At approximately the same time, it was alleged that certain AMC’s were colluding with certain lenders to achieve specific results, altering appraisal reports for a specific value, pressuring an appraiser to provide a pre-determined value, selecting only appraiser that would promise a pre-set value, and ignoring the utilization of unqualified individuals preparing appraisal reports. As a “settlement agreement” which implicated certain lenders, AMC’s , and GSE’s (FNMA and Freddiemac), additional regulations were implemented by the NY State Attorney General, which encouraged the insertion of third party AMC’s into the lending process, known as The HVCC (Home Valuation Code of Conduct). Many of the stipulations of this settlement agreement were never implemented by the GSE’s such as a complaint hot-line.
AMCs and others viewed this action as an opportunity to expand the business model and within 2 years over 80% of all residential appraisals were controlled by AMCs.
Real Estate Agents were finding that the AMC’s were sending unqualified individuals to complete appraisals.
Waiting on the Federal Government, individual States implemented AMC regulations and registration, in an attempt to protect the consumer. It is the consumer of appraisal services who is harmed by inexperienced appraisers and corporations looking to increase profits. These lenders have created a profit center without approving a single loan.
The Housing Market was beginning to show signs of decline and Federal legislators Chris Dodd and Barney Frank introduced legislation which proposed establishment of regulations of AMCs, by individual State regulators, as well as The Consumer Finance Protection Bureau (CFPB), and was eventually passed in both houses and signed by The President. As could be anticipated, the owners of AMCs and those which profit from same objected to the implementation of the approved regulations, to which the Federal Reserve redefined for the benefit of the continuation of revenue sharing by AMC’s and lenders.
The AMC’s and lenders are concerned that the CFPB may interpret that the revenue sharing agreements violate RESPA (Real Estate Service Procedures Act) which requires lenders to make disclosures about the charges and fees that the borrower can expect at closing. RESPA forbids service providers from requiring the consumer to use specific companies for services and the act also forbids kickbacks and payments for services not rendered for the benefit of the consumer.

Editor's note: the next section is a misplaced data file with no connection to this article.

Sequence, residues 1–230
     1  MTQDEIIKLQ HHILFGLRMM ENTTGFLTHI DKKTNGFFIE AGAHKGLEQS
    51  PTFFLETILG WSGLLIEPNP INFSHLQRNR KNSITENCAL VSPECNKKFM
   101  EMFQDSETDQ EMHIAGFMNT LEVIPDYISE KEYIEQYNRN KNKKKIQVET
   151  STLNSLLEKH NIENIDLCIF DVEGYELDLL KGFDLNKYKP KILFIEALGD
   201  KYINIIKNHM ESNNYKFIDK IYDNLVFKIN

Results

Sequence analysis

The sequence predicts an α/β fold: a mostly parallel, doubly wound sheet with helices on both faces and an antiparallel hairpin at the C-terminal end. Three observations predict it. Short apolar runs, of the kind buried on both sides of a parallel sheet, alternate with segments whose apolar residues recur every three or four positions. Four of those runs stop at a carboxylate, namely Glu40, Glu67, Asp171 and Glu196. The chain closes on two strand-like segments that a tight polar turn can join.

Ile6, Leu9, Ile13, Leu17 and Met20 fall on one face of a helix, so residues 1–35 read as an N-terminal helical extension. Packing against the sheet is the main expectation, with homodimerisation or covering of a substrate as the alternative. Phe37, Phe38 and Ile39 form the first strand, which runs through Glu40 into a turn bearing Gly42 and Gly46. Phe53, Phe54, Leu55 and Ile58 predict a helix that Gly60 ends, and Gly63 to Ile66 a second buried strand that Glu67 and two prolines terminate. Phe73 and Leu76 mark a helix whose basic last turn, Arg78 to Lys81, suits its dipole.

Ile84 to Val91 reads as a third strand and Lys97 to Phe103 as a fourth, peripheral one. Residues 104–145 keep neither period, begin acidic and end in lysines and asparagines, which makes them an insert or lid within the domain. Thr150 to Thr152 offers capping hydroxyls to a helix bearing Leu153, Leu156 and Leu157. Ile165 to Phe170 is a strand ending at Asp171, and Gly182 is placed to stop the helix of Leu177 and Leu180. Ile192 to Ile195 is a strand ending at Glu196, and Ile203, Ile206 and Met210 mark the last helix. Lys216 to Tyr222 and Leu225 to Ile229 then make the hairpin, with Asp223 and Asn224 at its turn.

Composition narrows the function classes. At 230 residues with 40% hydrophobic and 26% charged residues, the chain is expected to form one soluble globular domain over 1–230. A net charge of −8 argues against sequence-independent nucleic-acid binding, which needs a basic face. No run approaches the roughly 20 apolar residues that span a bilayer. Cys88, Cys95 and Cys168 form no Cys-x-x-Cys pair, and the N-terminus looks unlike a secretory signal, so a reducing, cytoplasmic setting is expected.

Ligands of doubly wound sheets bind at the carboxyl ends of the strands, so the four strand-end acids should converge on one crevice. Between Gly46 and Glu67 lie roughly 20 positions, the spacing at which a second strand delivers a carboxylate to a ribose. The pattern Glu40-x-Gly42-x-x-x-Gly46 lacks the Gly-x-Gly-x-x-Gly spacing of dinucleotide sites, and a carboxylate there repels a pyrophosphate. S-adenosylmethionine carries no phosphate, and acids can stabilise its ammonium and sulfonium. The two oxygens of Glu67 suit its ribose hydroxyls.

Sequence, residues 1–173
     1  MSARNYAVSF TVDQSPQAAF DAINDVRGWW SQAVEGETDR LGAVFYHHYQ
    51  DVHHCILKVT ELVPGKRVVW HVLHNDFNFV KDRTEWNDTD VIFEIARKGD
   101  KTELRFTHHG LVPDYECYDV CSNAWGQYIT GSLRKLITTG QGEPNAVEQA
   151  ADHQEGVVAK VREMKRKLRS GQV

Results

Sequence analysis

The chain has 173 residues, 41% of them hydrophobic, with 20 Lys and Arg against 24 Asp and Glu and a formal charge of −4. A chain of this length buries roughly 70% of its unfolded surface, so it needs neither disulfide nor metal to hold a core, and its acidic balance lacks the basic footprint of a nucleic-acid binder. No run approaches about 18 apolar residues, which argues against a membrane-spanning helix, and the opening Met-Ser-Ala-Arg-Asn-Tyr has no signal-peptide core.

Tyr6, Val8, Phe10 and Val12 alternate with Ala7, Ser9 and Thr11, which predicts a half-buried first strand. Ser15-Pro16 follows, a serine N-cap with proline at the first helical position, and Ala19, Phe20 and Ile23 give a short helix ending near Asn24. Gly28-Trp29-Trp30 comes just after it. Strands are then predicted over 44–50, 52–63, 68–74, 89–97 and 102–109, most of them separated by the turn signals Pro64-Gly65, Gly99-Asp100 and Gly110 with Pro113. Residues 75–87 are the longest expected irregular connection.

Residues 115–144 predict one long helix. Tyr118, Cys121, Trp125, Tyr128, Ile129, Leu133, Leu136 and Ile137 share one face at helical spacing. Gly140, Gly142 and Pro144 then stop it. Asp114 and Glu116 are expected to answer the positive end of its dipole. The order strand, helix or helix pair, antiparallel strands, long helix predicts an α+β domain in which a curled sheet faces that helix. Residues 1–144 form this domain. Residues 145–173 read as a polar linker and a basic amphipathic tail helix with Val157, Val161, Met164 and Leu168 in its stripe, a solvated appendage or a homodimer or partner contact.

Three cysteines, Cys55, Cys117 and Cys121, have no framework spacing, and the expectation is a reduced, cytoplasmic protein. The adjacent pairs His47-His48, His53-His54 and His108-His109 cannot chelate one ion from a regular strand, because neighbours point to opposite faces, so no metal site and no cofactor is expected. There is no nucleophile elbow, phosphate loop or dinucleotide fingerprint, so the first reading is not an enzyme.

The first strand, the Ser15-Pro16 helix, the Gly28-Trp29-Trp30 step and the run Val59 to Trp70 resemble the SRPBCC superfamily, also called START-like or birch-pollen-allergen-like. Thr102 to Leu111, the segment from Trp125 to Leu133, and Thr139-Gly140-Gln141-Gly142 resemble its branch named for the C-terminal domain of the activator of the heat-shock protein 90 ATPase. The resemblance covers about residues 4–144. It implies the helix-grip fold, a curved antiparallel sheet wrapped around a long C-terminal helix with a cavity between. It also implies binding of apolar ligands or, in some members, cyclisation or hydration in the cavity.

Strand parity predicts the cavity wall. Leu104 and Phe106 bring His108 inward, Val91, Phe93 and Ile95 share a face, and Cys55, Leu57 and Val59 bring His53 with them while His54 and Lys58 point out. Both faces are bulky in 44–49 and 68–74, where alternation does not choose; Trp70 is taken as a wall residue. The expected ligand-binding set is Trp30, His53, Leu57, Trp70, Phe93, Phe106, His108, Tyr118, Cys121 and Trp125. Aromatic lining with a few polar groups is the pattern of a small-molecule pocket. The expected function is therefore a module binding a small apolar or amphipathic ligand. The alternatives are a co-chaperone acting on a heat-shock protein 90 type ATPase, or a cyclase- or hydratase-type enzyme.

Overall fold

With every Real Estate Loan Transaction, a HUD1 statement is required to be presented and signed by the consumer, which is supposed to disclose title insurance premiums and all fees related to the costs of the transaction, yet the same lenders and AMCs are resisting efforts for disclosure of the fees paid to the AMC’s. The appraisal fee of the HUD1 is not what the appraiser receives, a portion, up to 50% of the fee goes directly to the AMC and joint venture partners. Other fees to which are shared are also not disclosed as a separate line item. Of additional concern is the solvency of certain AMC’s. If an appraiser is not paid by the AMC, a homeowner might find a lien filed against their property, regardless if payment was paid at closing to the lender. Consumers should not be risking their homes due to AMC irresponsibility.
Virginia legislators passed laws effective 7/1/2010 regulating certain AMC aspects, yet responsible appraisers are “blacklisted” by AMCs as AMCs blatantly violate those laws.
The Commonwealth of Virginia Legislators have again passed regulations regarding the registration, bonding, and practices of AMC’s to be enforced by the Virginia Attorney General’s office, with additional regulations to be determined and regulated by the State Real Estate Appraisal Board effective 7/1/2014.
VaCAP supports implementation of fair and necessary regulation of AMC in order to protect the citizens of the Commonwealth of Virginia and welcomes suggestions and examples of difficulties which might be utilized to strengthen the rights of Virginia consumers.